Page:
Don't Be Overcome by Statistics, Overcome Statistics With the Gospel

by Brian G. Chilton |

Let's be honest. We in the Christian world are inundated with bad news. We are bombarded with news about how the Millennial Generation is far more unbelieving than Generation X. In full disclosure, I was born at the end of what would make me a Gen-Xer. Nevertheless, pastors especially are concerned with lower numbers of people in their pews, statistics that show that giving is much lower than in times past, and denominational numbers that are dismal. I am identified as a Southern Baptist. I have heard reports that the SBC baptismal rates are the lowest they have been for quite some time.

Hearing these numbers cause great concern. As one who loves peace and security, I find myself asking some questions that are noble, like — "Will the next generation know about Christ? Will there be an evangelical presence in future generation?" and some questions that are admittedly more selfish, like — "Do I have job security as a pastor? Will I have enough time in ministry to retire? What will I do if I lose my position?" Be honest. If you are in ministry, you have probably asked similar questions.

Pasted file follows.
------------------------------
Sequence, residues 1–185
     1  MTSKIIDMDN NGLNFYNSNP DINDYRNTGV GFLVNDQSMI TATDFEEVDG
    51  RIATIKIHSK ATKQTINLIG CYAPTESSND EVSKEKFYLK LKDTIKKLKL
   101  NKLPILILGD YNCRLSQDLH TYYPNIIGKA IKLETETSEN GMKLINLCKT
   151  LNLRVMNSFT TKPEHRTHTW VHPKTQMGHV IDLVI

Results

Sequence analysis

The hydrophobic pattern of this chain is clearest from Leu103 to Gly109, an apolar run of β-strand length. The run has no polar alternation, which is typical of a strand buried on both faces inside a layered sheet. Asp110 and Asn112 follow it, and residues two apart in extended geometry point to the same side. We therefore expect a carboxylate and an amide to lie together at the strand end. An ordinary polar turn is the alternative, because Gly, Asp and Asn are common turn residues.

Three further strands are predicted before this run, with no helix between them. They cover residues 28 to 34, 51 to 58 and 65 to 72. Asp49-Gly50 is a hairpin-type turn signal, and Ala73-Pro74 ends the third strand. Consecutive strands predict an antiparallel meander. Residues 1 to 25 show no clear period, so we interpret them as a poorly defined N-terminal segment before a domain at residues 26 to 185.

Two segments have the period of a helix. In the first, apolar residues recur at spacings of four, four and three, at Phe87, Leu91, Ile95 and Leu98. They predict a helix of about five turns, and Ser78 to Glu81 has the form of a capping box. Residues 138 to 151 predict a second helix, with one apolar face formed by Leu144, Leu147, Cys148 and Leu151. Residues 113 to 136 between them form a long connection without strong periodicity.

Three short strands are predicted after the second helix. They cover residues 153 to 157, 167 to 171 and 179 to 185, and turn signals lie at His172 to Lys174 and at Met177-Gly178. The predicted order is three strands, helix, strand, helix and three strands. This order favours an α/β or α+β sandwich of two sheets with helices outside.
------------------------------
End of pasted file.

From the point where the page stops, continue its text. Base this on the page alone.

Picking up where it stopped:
However, I have had a statement that the apostle Paul gave the Romans on my mind a lot here lately. Paul wrote, perhaps his magnum opus, to the church in Rome. Roman Christians were facing uncertain days as they were often met with persecution. In AD 49, Emperor Claudius had ordered all Jews to leave Rome. The Christian Jews were met with strife over their trust in Christ by fellow Jews. For the Christians left in Rome, they were Gentiles who were bombarded by various other competing worldviews. In the midst of this turmoil, Paul encourages them by saying, "Do not be conquered by evil, but conquer evil with good" (Rom. 12:21). How can these words apply to our situation? First, let's look at the reactions that people often have when met with opposition.

1. Reactions to Negative Statistics.

As an observer of people, I have noticed three negative reactions and one positive to the problems facing the church. We'll call the three negative reactions the denying mule, the withdrawn ostrich, and the whipped pup, while the positive reaction is noted as the conquering lion.

The Denying Mule. A mule can be a stubborn animal. If it is content to not do something, it is difficult, if not downright impossible, to get the animal to that thing. In like manner, some Christians will hear the negative statistics that are given and will deny that things are as bad as the statistics portray. Why? It is because the person is content to keep things as they are and is unwilling to change ministerial practices regardless of what may come. This is an unhealthy practice.

Read more about Christian statistics on The Christian Post.